Listing 15.4 grabScreen() Method
/*************************************************************************
 * Grab the visible screen
 *
 * @return a BufferedImage containing the specified screen sub-rectangle
*************************************************************************/
private BufferedImage grabScreen(Rectangle screenRect) {
 Robot robot = null;
 try {
 robot = new Robot();
 } catch (AWTException awtException) {
 System.out.println(awtException);
 return null;
 }
 BufferedImage screenImage = robot.createScreenCapture(screenRect);
 return screenImage;
}


If you run the demo, you'll see your screen being overlayed with a darkening filter effect. This illusion is achieved by making a copy of the original screen, via the previous grabScreen() method, and then overwriting the visible screen with pixels that have had their intensity halved (red, green, and blue components divided by two; see Listing 15.5).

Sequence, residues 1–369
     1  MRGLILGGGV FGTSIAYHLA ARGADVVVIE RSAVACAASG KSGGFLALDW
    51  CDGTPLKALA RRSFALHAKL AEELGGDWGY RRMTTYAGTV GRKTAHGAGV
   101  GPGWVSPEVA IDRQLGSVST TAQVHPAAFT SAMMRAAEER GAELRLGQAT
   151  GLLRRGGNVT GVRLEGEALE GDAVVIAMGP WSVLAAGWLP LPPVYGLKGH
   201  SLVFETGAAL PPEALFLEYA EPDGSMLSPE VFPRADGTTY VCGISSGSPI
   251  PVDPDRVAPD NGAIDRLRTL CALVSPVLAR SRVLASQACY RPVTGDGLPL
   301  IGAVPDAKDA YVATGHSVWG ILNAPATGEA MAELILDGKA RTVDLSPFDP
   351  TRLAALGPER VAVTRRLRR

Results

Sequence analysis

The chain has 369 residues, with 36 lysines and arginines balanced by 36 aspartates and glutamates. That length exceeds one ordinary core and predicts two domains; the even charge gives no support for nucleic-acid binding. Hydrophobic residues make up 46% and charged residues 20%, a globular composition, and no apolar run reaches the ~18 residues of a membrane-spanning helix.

Listing 15.5 Halving the Intensity of RGB
screenImage = grabScreen(screenRect);
darkenImage(screenImage);
...
/*************************************************************************
 * Overridden Component.paint()
 *
 * @param g the Graphics context to paint to.
*************************************************************************/
public void paint(Graphics g) {
 if ( screenImage != null ) {
 g.drawImage(screenImage, 0,0, null);
 }
}
/*************************************************************************
 * Darkens a BufferedImage
*************************************************************************/
public void darkenImage(BufferedImage image) {
 int width = image.getWidth();
 int height = image.getHeight();
 for (int y=0; y < height; y++) {
 for (int x=0; x < width; x++) {
 int color = image.getRGB(x,y);
 color = color >> 1;
 color = color & 0x7F7F7F;
 image.setRGB(x,y, color);
 }
 }
}
}


Clearly, making copies of the screen is a no-brainer on any Java platform that supports a full Robot implementation. The next goal is to transform this screen snapshot into a thumbnail image.

Creating Screen Thumbnail Images